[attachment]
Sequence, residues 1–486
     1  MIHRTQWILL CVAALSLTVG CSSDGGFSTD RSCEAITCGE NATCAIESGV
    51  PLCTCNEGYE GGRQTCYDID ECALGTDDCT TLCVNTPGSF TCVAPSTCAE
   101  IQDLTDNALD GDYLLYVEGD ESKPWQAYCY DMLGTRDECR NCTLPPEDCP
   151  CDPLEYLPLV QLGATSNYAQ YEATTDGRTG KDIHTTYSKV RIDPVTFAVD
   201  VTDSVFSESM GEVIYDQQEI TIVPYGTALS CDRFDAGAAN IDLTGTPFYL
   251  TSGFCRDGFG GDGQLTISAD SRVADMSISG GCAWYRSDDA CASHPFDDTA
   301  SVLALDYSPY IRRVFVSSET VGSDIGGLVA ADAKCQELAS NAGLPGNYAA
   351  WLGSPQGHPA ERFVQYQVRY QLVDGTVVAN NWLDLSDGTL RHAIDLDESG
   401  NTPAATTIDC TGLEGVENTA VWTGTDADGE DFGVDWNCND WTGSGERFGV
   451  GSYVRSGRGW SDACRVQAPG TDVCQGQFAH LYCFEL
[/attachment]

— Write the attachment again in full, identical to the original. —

Sequence, residues 1–486
     1  MIHRTQWILL CVAALSLTVG CSSDGGFSTD RSCEAITCGE NATCAIESGV
    51  PLCTCNEGYE GGRQTCYDID ECALGTDDCT TLCVNTPGSF TCVAPSTCAE
   101  IQDLTDNALD GDYLLYVEGD ESKPWQAYCY DMLGTRDECR NCTLPPEDCP
   151  CDPLEYLPLV QLGATSNYAQ YEATTDGRTG KDIHTTYSKV RIDPVTFAVD
   201  VTDSVFSESM GEVIYDQQEI TIVPYGTALS CDRFDAGAAN IDLTGTPFYL
   251  TSGFCRDGFG GDGQLTISAD SRVADMSISG GCAWYRSDDA CASHPFDDTA
   301  SVLALDYSPY IRRVFVSSET VGSDIGGLVA ADAKCQELAS NAGLPGNYAA
   351  WLGSPQGHPA ERFVQYQVRY QLVDGTVVAN NWLDLSDGTL RHAIDLDESG
   401  NTPAATTIDC TGLEGVENTA VWTGTDADGE DFGVDWNCND WTGSGERFGV
   451  GSYVRSGRGW SDACRVQAPG TDVCQGQFAH LYCFEL